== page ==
If you’ve been anywhere near a media outlet recently, I’m sure you’ve heard that there was a school shooting in Marysville north of Seattle this morning. Two kids will never hug their parents again, several more are gravely wounded in the hospital.
There’s no parent who hears that kind of news and doesn’t immediately ache for those parents who have to endure the loss of their children. All parents live every day knowing that a part of their heart is walking around out there somewhere, climbing too high on monkey bars or riding their bikes off the sidewalk. To be a parent is to love courageously, because having children makes you vulnerable. You want to make their worlds safe for them, but the older your kids get, the more you realize that the world is not a safe place. Not for them, not for anybody.
It’s full of wonderful things and dangerous things, wonderful and dangerous people, and every imaginable combination in between. Every parent knows this, and yet we still bundle our children off to school every morning anyway and hope for nothing more than to have the people in their lives confirm our suspicion about the best in people.
I think in a situation like this one, where the tragedy has struck so close to home and is yet one more heartbreak in the wake of too, too many others, the temptation is to get angry. Anger is powerful, it feels so much better than sorrow. Trust me, I know what I’m talking about. I spent most of my teenage years feeling angry, because when you’re vulnerable and hurt, anger at least makes you feel somewhat powerful again.
Angry people, who have seen too many crying children and sobbing parents on news broadcasts that delight in monetizing suffering, cry out for a solution. They want someone to do something, to stem the tide of this anger that seems, so perplexingly, to be directed at children who should never have to know that kind of fear.
If I can, in my small, quiet corner of the Internet, speak any truth into the void, it would be that the most powerful thing any of us can ever do is to treat other people with kindness. I know this seems weak. What can kindness do against a handgun? But tragedies like these are never just one big boulder rolling down a mountain. They’re avalanches, where the weight of too many disappointments and hurts builds on itself until the momentum is too great and something integral is lost.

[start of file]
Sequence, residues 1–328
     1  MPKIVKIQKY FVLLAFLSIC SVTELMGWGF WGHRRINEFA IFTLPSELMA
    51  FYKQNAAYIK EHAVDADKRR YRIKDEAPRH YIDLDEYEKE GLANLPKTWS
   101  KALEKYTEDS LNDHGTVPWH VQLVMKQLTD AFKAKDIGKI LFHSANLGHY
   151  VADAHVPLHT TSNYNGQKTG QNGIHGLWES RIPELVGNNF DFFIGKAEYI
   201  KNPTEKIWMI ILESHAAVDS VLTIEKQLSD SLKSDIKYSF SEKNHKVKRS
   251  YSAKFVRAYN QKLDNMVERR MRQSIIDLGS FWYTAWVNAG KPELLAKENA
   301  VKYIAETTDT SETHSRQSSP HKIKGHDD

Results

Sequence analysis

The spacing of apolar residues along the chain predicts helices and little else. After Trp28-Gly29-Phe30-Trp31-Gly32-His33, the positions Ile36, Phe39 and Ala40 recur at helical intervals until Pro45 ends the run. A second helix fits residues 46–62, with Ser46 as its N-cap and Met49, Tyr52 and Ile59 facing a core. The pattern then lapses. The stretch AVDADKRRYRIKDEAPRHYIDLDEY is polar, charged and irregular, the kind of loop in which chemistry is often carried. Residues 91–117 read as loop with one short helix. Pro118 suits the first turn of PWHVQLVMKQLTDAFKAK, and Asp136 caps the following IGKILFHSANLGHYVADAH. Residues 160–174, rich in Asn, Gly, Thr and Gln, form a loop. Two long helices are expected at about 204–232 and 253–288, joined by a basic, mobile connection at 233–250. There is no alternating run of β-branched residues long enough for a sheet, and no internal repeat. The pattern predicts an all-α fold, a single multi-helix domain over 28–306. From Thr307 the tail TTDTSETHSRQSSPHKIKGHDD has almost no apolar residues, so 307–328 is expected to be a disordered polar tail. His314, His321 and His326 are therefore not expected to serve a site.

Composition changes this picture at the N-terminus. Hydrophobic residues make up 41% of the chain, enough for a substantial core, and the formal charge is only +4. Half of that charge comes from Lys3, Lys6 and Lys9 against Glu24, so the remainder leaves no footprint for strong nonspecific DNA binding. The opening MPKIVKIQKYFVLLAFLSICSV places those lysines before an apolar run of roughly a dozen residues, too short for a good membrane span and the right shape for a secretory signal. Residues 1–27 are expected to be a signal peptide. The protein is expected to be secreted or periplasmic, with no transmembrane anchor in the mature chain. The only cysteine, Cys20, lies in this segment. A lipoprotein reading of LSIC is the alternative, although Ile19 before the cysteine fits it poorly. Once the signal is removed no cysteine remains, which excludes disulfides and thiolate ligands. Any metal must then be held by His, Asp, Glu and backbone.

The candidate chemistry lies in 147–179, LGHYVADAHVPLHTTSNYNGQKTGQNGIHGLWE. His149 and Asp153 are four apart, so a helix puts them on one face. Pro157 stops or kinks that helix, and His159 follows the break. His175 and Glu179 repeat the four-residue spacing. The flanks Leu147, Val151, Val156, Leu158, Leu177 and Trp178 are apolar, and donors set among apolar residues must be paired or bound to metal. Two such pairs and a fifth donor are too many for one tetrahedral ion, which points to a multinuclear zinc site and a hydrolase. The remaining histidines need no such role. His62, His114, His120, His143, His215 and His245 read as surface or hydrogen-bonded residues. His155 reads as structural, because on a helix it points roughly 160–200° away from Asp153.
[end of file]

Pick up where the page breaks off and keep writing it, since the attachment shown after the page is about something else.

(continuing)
I have no idea who the shooter was, and I don’t want to know. I don’t want to know a single thing about that person. Instead, I want to treat every person I cross paths with as though that person is one bad day away from losing hope. I want to be kind, I want to be helpful. I want to reach out and show that person that despite what the news would have all of us believe, there is good in people and safety if you know where to look.
You can’t affect what others do. You can’t change someone’s mind and you can’t make someone do what you would do. But, you can be nice. You can be generous. You can be the one good example in ten bad ones in a person’s life.
That’s all you can do. That’s all any of us can do. Arguing about gun control or mental health procedures is all beside the point, because the point is, life is precious but some people have lost sight of that. To the detriment of all, I think.
So, to echo my friend Summer, “Hug your children today. Tell them how much you love them. Hug them with all your might. And pray for those who can’t hug theirs again.”
Go be kind. Be a good example. That’s all we can do. That, and hope that it’s enough.